Ciara Kelly and Dean Martin Tribute Act Launch “Memories are Made of This” 50s-themed Show Garden by the HSE’s Dementia: Understand Together Campaign

It’s a garden unlike any other that you’re likely to experience today but for those of us who lived through the 50s, it will be a nostalgic step back in time. With lots of treasures from yester-year, this 50s-themed show garden at Bord Bia’s Bloom features gnomes, pink flamingos, a Singer sewing machine, a High Nelly bike, a gramophone, a wireless, and many more decades’ old treasures. Of course, it’s a garden after all, and there will be lots of flowers and shrubs synonymous with that decade too, with geraniums, foxglove wild flowers, daisies and tea roses creating a dazzling riot of colour and fragrant burst of scent.

The “Memories are Made of This” garden – named after the tune made famous by 50’s crooner Dean Martin – has been created to take visitors on a trip down memory lane by the HSE’s Dementia: Understand Together campaign and award-winning designer, Robert Moore. In the company of Dean Martin tribute act, Adrian Cullen, it was officially launched today by broadcaster Ciara Kelly, whose mum passed away in 2017 and who had previously been diagnosed with dementia. Appropriately dressed for the occasion in 50’s costume, Ciara was joined in the garden by her son Blaise (age 9) and his best friend Lily Bateman-Cullen (age 9).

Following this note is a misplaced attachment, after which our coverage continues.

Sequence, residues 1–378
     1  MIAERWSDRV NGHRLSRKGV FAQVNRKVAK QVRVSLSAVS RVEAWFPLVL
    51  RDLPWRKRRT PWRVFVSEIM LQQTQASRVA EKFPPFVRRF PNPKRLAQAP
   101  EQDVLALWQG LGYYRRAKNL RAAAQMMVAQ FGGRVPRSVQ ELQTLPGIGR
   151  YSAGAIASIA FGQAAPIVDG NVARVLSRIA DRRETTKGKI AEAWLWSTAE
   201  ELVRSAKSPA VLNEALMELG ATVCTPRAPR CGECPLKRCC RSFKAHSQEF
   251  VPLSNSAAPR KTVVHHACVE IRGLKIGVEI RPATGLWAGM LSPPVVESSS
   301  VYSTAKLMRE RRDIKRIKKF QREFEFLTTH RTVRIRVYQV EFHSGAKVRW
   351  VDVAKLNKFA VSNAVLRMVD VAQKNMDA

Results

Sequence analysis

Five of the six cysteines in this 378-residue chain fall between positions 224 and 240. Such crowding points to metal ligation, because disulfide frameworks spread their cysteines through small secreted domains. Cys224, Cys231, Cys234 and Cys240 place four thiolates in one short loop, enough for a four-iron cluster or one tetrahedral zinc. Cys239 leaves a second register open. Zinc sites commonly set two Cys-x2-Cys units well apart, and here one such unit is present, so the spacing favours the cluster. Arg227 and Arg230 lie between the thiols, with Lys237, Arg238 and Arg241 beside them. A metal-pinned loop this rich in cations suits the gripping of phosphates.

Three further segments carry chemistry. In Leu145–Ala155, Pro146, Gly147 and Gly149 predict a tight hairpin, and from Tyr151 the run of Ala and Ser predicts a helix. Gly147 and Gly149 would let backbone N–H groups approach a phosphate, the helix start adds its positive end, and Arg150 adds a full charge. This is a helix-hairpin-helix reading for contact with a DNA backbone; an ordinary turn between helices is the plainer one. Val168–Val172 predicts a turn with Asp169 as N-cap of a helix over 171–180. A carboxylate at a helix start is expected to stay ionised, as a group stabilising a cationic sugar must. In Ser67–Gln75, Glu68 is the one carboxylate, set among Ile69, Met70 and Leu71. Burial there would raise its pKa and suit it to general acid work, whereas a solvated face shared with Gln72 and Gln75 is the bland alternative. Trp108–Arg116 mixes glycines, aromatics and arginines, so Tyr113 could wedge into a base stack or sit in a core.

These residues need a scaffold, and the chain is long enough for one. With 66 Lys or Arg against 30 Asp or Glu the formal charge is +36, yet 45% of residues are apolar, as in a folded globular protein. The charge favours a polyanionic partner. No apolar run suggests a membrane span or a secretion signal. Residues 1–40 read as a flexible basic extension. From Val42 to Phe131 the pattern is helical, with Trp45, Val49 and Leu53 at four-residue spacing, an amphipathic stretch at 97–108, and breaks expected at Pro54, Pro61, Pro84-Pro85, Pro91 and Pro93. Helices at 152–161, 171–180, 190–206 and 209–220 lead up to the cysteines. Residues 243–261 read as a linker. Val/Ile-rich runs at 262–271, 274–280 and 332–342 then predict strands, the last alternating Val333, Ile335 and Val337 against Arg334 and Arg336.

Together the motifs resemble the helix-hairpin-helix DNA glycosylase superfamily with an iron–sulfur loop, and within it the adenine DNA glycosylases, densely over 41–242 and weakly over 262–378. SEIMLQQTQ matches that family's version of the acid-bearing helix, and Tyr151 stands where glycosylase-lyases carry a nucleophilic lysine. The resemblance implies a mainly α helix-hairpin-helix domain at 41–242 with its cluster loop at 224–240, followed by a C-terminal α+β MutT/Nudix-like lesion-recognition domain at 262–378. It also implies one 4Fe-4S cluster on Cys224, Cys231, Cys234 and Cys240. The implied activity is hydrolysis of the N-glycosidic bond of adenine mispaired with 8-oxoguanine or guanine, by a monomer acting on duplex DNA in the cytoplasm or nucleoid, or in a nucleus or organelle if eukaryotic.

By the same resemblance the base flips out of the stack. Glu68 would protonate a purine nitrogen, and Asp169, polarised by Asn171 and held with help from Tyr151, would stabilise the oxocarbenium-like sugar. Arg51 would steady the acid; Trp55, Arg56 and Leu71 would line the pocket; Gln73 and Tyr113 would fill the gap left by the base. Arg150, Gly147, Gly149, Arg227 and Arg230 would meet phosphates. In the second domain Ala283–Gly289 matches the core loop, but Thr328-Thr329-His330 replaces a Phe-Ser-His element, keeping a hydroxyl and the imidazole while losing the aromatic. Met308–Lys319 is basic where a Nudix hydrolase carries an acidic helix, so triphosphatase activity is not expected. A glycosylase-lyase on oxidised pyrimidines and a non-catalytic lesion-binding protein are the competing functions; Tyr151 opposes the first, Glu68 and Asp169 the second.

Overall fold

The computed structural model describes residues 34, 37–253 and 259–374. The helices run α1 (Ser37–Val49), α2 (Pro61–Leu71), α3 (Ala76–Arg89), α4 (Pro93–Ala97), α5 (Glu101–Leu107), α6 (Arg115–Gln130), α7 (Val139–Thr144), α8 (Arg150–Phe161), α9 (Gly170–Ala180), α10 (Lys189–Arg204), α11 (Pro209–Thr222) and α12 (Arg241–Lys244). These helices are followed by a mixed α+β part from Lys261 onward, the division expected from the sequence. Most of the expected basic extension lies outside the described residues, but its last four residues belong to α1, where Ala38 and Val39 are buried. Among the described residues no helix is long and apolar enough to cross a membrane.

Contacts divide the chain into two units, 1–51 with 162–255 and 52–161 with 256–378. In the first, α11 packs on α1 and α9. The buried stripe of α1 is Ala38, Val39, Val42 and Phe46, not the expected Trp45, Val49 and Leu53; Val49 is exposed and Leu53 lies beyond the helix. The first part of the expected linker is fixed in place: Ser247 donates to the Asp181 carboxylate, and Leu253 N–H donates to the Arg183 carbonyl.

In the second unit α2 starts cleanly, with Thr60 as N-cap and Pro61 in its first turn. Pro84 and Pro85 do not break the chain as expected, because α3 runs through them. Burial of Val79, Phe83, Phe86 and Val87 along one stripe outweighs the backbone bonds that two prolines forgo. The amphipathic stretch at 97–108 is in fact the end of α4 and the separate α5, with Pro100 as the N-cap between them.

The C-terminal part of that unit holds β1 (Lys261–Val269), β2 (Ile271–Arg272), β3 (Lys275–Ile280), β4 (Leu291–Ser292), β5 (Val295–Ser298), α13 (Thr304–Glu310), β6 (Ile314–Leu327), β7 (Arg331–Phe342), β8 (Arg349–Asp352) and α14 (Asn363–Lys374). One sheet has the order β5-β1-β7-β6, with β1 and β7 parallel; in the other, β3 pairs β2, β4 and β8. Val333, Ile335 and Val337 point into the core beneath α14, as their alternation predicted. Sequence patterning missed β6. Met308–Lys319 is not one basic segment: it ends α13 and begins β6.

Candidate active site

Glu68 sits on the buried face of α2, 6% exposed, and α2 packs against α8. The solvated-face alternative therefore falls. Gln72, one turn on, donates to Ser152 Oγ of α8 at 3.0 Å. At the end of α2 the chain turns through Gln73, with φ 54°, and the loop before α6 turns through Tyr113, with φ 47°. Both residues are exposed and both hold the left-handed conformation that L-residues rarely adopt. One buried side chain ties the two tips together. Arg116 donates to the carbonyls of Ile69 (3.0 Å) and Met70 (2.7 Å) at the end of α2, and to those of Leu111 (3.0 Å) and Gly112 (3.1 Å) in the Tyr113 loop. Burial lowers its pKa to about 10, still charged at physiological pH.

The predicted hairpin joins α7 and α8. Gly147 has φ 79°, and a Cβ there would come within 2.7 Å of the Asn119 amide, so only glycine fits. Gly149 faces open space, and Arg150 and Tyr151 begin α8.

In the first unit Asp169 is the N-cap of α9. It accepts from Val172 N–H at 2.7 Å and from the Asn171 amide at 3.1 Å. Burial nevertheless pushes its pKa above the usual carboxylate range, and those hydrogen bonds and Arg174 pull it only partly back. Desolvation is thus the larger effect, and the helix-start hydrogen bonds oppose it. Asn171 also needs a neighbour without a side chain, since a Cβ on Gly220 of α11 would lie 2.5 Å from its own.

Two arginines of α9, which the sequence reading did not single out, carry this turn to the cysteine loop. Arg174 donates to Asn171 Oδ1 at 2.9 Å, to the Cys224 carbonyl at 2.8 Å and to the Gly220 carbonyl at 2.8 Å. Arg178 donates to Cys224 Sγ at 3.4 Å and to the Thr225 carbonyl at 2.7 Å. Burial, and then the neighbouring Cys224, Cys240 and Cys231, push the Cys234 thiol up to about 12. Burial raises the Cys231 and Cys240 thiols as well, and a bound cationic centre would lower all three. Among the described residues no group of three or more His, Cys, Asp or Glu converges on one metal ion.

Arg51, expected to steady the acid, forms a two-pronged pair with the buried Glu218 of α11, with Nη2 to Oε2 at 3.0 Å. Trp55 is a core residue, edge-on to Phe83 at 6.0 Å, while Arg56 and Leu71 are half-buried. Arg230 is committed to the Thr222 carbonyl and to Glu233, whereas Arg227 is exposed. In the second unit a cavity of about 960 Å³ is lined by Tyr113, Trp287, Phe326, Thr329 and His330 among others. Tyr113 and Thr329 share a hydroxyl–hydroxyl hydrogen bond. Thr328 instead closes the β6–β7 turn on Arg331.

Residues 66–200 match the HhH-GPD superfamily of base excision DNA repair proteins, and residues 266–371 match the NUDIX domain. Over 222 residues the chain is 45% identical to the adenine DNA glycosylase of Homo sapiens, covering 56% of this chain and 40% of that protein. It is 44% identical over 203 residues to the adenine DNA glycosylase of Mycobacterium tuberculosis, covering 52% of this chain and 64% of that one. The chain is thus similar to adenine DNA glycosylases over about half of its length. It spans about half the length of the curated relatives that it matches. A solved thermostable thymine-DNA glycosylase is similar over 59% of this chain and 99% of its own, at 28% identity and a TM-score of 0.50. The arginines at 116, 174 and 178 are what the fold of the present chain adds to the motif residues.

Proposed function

People with dementia and their families are being especially encouraged to visit the show garden which is taking pride of place at Bord Bia’s Bloom in Dublin’s Phoenix Park this June bank holiday weekend (May 30-June 3). Following Bloom, the garden will continue to live on and be enjoyed following its relocation to St Ita’s Community Hospital in Newcastle West, Limerick.

The garden comes against a backdrop of more than 4,000 people developing dementia in Ireland each year. Indeed, it’s estimated that there are 55,000 people living with the condition here. That number is expected to more than double to 113,000 by 2036. Half a million of us have had a family member with dementia.

For Ciara Kelly, notwithstanding the challenges her mum, Julie, faced in her final years living with dementia before she passed away in May 2017, there was great joy for the family in listening to her accounts of growing up in Dublin:
“Allowing people with dementia to reminisce is so important. Like others with dementia, my mum struggled with her short-term memory but she had such strong memories of the past, of her parents and of her childhood. She lived in Hope Street in Ringsend and loved recalling the tales of the time she spent there as a child growing up. I actually learned so much about my grandparents, aunts, uncles, and family friends, listening to stories that I would never really have heard before. She was confident talking about those times because she remembered every detail and you could see the comfort that gave her. It is important that we give people the time to talk about the past, to reminisce, and to show interest in their stories. I also think, as a society, that we need to talk more about dementia and start conversations about it. So many people are afraid of discussing it if they have fears about it, and are afraid of being judged. That needs to end.”